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FHA short refi program: Obama administration vows to veto legislation cutting mortgage relief programs

by Karen Lawson
March 14th, 2011

The  FHA short refinance program hasn’t been wildly successful with mortgage lenders due to the requirement for mortgage holders to write off a minimum of 10 percent of the unpaid principal balance for each loan retired through the short refinance program.

We’ve previously observed that the complexity of the secondary mortgage market would likely quash the short refinance program, but House legislators backing legislation to kill the program note doing so would save tax payers money. How would cutting government-sponsored mortgage relief programs such as the Home Affordable Modification Program (HAMP) and the short refinance program impact taxpayers?

Protecting taxpayers, or not:  Do you have foreclosures in your neighborhood?

The problem with the short refinance program is that those owning the mortgage loans aren’t willing to write down mortgage balances by a minimum of 10 percent as required by FHA guidelines. Much of the reason for this rests with the nature of how mortgage loans are sold on the secondary mortgage market; groups of home loans are frequently grouped together and these groups of loans “securitized” and sold to organizational investors including mutual funds, and pension funds. Changing the mortgage balances and interest rates for such mortgage loans is difficult as it changes the value of home loans used to back the investment “securities.”

This is a simplified version of a complicated situation, but the Obama Administration has taken a simple stance toward protecting federal homeowner assistance programs. They’ve vowed to veto any legislation killing these programs. That’s good news, but how can mortgage holders and loan servicing companies be persuaded to see that preventing foreclosure is financially and ethically preferable to allowing families and communities to be ruined by the specter of homelessness, lost tax revenue, and the blight of vacant and abandoned homes?

Mortgage loans: Foreclosure costs money and depletes community resources

What happens to Joe and Jane taxpayer when their neighbors lose their home to foreclosure? Joe and Jane would likely be surprised to know that their neighbors were denied a loan modification through HAMP. Or worse, they contacted their mortgage company and could not get through, or never received responses to her requests for help. Joe and Jane’s neighbors finally abandon their home when they find work in another state.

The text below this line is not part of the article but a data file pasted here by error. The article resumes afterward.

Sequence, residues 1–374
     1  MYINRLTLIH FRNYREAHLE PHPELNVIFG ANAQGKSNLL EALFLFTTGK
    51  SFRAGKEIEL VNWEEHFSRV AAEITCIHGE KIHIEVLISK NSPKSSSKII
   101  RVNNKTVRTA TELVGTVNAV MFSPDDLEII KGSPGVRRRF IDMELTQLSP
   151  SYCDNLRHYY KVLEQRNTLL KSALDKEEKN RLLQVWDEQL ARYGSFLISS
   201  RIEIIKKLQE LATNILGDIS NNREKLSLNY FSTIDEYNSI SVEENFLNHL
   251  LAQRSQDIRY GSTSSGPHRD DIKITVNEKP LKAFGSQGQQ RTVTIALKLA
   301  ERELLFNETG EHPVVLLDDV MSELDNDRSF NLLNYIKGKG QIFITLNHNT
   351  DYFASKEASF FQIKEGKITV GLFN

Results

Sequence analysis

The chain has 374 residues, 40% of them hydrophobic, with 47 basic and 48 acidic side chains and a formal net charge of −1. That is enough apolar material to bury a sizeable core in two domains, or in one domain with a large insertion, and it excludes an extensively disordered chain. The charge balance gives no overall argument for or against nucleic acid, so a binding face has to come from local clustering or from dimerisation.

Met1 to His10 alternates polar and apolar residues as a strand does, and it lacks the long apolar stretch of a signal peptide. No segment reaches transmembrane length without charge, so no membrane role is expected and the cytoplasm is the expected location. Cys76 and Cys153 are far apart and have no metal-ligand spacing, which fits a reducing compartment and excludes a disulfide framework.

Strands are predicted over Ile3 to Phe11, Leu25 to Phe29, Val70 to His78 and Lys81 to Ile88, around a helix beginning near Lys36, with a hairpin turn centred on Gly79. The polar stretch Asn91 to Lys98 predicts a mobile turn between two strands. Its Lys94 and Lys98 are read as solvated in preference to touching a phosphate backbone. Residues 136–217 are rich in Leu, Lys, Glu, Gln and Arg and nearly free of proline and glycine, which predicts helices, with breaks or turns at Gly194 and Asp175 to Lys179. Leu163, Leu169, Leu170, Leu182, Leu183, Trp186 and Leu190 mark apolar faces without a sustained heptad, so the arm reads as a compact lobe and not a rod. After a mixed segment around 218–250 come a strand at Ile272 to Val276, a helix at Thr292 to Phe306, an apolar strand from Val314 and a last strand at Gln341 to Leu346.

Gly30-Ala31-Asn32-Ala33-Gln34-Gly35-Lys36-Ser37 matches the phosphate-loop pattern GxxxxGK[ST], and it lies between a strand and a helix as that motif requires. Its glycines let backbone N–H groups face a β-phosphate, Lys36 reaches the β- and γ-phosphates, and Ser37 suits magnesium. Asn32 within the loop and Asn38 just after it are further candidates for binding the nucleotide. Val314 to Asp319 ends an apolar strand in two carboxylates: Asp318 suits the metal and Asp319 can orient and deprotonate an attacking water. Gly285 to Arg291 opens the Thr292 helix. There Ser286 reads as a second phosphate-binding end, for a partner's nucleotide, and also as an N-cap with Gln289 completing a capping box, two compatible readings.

Foreclosure impacts entire communities; local governments receive less tax revenue when home values fall, and public safety resources are tapped when vacant foreclosed homes attract crime or become unsafe. Meanwhile, homeowners with formerly good credit find that financial options and career opportunities are limited by their newly poor credit and public record of a mortgage foreclosure.

There must be a more fiscally sound method of addressing the problem of owing more on a mortgage than homes are worth than foreclosing such mortgages.  Not everyone who’s “underwater” on their mortgage and cannot sell or refinance is a “deadbeat.”  It’s time to find workable solutions to problems caused by devalued homes and homeowners experiencing long-term unemployment.

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This entry was posted on Monday, March 14th, 2011 at 3:57 pm and is filed under . You can follow any responses to this entry through the RSS 2.0 feed. You can skip to the end and leave a response. Pinging is currently not allowed.

One Response to “FHA short refi program: Obama administration vows to veto legislation cutting mortgage relief programs”

  1. s2kreno Says:

    Lenders are not supposed to care about social economics; they are charged by their fiduciary duty to their stockholders to do what’s best for them. Mortgage servicing creates a conflict of interest because in doing what’s best for their stockholders they may violate their duty to the mortgage investors, say when they foreclose rather than modify a mortgage. Congress needs to remove this conflict by making the program mandatory, taking the eligibility decision and administration of modifications out of the servicers’ hands, and automating the entire process. A tweak of existing automated underwriting software would accomplish the task fairly easily. As a mortgage processor I could close a loan in 8 days, modifications should not take months to get approved and finalized.

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